The Development of Jihadist Anti-Shi’a Ideology

In a book entitled The Rafidhi-Crusader Alliance in Iraq (Al-tahaluf al-rafidhi al-salibi fil Iraq), Abdel-Muhsin Al-Rafi’I Al-Rafi’i brings many of the themes introduced by Hussein into sharper focus—though he never cites Hussein.44 Al-Rafi’I says that he completed this book on 12 January 2005 and explains in the introduction that he was motivated to write this thesis after seeing how much Hezbollah had distorted the reality of the Shi’i menace in many Muslims eyes. He wanted to reveal the “extent of the rafidhi collaboration with the enemies of Allah and their role in the declared war on Islam . . .towards the goal of destroying true Islam.” Continuing his denunciation of the Shi’a, al-Rafi’i writes: “Over the ages there did not pass a period of time when the rafidha did not have a role in striking Muslims and conspiring against them with all the means available by way of betrayal, deceit and cunning, for the __rafidha __are an esoteric group with many branches but one root, and they operate in the shadows to execute their goals.”45 In Essence, however, al-Rafi’i highlights the same historical timeline of betrayal as al-Gharib and Hussein, and expands only slightly when discussing the Ottoman-Safavid rivalry. He claims that “the Ottomans had a certain desire to retrieve al-Andalus (Spain) but the Shi’a played an important role in distracting the Ottomans in cahoots with the Crusaders to deny the Muslims this long-awaited dream.”46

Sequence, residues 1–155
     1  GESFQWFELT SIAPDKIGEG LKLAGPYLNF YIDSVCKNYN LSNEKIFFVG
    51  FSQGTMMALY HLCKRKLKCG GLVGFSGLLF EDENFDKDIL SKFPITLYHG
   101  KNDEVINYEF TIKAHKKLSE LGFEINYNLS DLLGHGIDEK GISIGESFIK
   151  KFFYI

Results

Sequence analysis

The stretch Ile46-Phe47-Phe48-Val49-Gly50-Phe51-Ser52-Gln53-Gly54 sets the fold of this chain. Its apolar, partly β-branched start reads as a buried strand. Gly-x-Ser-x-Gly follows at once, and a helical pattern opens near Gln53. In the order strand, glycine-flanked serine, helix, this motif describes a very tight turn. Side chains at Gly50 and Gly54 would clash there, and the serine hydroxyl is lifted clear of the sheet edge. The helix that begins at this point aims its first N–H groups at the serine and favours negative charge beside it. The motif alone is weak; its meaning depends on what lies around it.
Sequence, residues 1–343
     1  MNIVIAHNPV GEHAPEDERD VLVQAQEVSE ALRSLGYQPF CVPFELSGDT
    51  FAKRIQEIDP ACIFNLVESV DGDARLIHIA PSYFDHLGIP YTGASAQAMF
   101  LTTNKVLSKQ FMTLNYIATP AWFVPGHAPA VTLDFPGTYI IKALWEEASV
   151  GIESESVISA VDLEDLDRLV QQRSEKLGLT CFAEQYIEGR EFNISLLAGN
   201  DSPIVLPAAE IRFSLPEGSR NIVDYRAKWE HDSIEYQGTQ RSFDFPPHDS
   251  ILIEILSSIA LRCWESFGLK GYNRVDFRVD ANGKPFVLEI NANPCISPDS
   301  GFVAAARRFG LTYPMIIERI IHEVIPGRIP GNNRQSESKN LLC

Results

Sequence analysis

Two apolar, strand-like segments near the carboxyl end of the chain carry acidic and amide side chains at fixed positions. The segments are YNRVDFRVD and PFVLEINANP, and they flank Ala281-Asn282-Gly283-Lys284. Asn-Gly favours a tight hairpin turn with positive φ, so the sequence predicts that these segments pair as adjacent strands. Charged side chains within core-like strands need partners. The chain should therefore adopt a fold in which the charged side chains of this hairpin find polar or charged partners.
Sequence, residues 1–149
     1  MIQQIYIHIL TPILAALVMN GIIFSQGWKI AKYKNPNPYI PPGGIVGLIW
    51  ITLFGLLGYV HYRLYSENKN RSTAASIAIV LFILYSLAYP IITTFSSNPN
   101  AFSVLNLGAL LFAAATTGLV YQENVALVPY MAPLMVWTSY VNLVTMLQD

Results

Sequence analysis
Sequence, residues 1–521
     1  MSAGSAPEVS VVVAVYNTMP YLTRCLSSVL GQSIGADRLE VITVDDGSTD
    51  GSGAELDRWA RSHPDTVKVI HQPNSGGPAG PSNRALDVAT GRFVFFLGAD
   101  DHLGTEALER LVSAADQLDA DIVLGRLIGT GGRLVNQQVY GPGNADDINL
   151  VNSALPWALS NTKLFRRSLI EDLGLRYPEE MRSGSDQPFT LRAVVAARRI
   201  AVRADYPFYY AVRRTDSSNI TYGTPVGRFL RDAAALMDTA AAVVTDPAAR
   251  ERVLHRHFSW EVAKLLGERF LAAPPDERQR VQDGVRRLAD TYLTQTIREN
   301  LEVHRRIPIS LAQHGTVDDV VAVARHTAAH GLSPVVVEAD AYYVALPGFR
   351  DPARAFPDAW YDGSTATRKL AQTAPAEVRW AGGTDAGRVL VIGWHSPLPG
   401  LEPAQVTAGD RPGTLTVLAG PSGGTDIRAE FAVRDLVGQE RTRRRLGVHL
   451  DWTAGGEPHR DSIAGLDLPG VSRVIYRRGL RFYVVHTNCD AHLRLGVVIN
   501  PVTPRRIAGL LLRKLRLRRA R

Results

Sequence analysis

Where Al-Rafi’I does differ from the previous authors in hi focus on, and greater concern with, the current goals of this long-standing Shi’a-Crusader alliance. He contends that one goal is to use Iraq as a means of achieving direct “Crusader” control over the Islamic world and its resources. Another of the alliance’s goals is to create a “State of Greater Israel” from the banks of the Nile to the Euphrates River, and to prepare the ground for the False Messiah.47 The author discerns the first vestiges of this plan in Saudi Arabia, where the Shi’a of that country are “demanding their rights in order to spearhead the execution of the aforementioned plan in dismembering Saudi Arabia and bringing the Shi’a to power, and giving the Crusaders control the Holy Sites as they did in Iraq,” thus fulfilling “the dream of the Jews.”48 In analyzing Iran’s foreign policy, Al-Rafi’i determines that there is a “Rafidhi-Russian Alliance” directed against the Muslims of the Caucuses and Central Asia and another “Rafidhi-Hindu Alliance” directed against the Muslims of the Indian Subcontinent. The “Crusader” master plan calls for the lands of Islam to be handed over to the Shi’a, he argues, and where they are too few in number, other minorities—such as the Copts of Egypt, or secularists (“the spawn of Communists”)—will take over.